Upon its introduction in 1935, the TBD Devastator was widely considered the first modern torpedo bomber in the world. Then came the Avenger.
It was a huge departure from the traditional bomber design because it was the first monoplane with hydraulic folding wings, and it was the US Navy’s first all-metal aircraft.
But the Devastator’s name couldn’t be brought up without mentioning the most important American carriers during World War II, such as the Enterprise, Yorktown, and the recently discovered Hornet. They all served in the Battle of Midway.
The statistics for the Devastators during this particular naval battle was gruesome: 37 out of the 41 deployed by the carriers failed to return. It was time for a new weapon. Enter the Grumman TBF/M Avenger.
1. The Battle of Midway was the “passing of the torch” moment for the TBF Avenger…..until it wasn’t.
As mentioned earlier, all but four of the Douglas Devastators in this mission were nearly wiped out. The six Avengers did not perform any better.
Of these six, only Ensign Alber Earnest’s TBF – although badly damaged and bare bones – was able to return from the brutal swarm of Zeros that met them.
2. The Avenger helped destroy Japan’s Golden Submarine
The Japanese Submarine I-52 was an important cargo sub that carried critical materials that were meant to be exchanged with the Germans. The exchange was supposed to happen in a port in Lorient, France.
But the Allies had better plans.
The coordinates of the I-52 were intercepted, and a hunter group consisting of Avengers and Wildcats swooped in and pursued the I-52. Lt.Cdr. Jesse Taylor and Flash Gordon piloted their Avengers and torpedoed the submarine.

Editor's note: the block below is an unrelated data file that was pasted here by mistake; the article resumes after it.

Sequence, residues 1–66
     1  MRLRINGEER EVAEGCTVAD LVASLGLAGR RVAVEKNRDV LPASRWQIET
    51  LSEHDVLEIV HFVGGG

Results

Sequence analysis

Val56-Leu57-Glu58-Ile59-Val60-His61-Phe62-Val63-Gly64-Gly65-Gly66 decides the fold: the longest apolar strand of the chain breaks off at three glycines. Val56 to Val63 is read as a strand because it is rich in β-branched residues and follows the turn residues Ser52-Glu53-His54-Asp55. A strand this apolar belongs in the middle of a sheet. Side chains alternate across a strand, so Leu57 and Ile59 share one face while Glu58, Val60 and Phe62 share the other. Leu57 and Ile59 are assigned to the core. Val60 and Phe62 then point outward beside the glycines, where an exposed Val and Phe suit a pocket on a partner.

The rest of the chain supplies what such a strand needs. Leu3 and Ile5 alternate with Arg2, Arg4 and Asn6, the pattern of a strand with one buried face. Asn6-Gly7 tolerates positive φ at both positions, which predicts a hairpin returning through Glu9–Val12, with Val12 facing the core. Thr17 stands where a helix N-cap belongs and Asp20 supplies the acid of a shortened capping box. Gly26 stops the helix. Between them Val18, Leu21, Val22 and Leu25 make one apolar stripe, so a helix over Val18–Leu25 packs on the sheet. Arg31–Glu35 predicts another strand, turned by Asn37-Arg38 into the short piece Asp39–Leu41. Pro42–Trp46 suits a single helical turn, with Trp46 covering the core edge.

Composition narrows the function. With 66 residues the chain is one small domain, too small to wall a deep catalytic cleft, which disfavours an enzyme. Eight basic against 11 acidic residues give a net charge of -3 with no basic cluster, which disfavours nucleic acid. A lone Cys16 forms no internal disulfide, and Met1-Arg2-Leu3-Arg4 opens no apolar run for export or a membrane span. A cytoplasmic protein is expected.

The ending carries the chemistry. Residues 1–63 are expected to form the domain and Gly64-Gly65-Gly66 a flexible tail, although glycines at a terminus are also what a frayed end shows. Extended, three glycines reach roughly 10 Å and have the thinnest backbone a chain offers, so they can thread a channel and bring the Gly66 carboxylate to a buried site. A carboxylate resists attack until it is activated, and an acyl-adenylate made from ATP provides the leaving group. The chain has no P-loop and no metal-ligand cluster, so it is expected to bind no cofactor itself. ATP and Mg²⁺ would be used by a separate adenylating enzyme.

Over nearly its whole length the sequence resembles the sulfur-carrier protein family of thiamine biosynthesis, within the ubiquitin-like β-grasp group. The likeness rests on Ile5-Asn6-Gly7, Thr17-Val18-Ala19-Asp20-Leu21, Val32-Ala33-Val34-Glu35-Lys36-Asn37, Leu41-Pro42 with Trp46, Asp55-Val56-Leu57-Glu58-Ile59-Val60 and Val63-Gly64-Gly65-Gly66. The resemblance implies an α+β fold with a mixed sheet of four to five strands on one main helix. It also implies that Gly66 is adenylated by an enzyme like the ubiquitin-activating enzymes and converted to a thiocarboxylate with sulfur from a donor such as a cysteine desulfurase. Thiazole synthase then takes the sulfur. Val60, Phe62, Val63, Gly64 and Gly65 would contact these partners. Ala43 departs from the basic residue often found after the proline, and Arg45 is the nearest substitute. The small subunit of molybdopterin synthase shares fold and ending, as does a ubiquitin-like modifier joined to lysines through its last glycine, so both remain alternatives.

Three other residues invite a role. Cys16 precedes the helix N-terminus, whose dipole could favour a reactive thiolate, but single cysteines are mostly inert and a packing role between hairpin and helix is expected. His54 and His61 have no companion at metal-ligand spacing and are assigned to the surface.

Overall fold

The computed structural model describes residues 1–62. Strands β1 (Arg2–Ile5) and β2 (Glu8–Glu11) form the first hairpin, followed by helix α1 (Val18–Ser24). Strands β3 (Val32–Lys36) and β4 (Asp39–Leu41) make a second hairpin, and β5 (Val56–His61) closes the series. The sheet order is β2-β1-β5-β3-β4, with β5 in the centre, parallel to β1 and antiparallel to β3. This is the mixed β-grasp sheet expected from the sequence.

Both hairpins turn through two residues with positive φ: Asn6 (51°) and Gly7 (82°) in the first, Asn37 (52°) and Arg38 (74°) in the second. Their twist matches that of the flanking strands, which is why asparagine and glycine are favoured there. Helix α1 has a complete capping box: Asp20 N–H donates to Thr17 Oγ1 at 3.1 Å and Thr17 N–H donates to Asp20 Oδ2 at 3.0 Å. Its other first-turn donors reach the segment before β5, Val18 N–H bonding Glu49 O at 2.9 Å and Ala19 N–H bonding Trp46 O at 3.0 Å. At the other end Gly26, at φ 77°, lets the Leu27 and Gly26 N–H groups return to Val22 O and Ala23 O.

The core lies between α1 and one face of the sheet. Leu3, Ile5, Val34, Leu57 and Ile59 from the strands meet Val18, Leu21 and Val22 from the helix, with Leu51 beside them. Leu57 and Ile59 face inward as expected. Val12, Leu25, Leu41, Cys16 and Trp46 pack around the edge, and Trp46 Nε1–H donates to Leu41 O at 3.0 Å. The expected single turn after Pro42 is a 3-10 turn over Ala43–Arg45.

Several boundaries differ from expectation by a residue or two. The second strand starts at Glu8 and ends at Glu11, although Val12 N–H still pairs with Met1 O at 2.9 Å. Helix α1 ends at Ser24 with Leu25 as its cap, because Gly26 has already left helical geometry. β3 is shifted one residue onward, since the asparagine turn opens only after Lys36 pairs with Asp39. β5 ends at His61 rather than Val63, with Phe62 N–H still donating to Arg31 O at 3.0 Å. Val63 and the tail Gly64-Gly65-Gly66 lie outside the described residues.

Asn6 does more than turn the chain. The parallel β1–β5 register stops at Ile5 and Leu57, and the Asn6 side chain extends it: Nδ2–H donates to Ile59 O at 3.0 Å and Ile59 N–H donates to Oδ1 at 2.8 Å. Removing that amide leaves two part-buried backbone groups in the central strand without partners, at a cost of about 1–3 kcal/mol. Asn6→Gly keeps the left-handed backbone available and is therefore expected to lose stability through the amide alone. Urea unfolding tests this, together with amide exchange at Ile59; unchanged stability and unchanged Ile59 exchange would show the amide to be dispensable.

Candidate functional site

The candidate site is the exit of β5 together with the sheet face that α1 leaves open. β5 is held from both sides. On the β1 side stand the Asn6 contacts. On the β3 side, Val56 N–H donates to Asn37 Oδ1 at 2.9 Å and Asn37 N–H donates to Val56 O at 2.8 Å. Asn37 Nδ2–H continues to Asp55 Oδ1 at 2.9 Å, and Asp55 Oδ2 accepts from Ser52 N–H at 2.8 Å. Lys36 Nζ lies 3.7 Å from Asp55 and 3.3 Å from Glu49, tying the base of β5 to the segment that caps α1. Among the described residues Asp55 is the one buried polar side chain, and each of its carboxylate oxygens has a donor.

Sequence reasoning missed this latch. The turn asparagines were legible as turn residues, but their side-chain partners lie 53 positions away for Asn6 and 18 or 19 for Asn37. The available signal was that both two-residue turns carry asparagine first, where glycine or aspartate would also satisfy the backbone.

It lay at the bottom of the ocean for over 50 years.
3. George H.W. Bush flew the Avenger.
The 41st POTUS bailed out when his Avenger was shot down during a raid in Chichi Jima, Japan.
Before going down in the ocean, he was able to drop all of the four 500-bombs on the target, for which he was awarded the Distinguished Flying Cross.
4. The Avenger was the heaviest single-engine plane during World War 2.
Its maximum loaded weight was almost 17,900 pounds. In contrast, its predecessor – the TBD Devastator – recorded merely 9,289 pounds.
5. The Reliable TBM Avengers served until 1962.
Its reputation as a sub-killer ended with the war. Its production officially ended in 1945, but it continued to serve the U.S. Navy as an electronic countermeasure and airborne radar communication.
It even served as Anti-forest fire planes mainly because of its power, ruggedness, and range.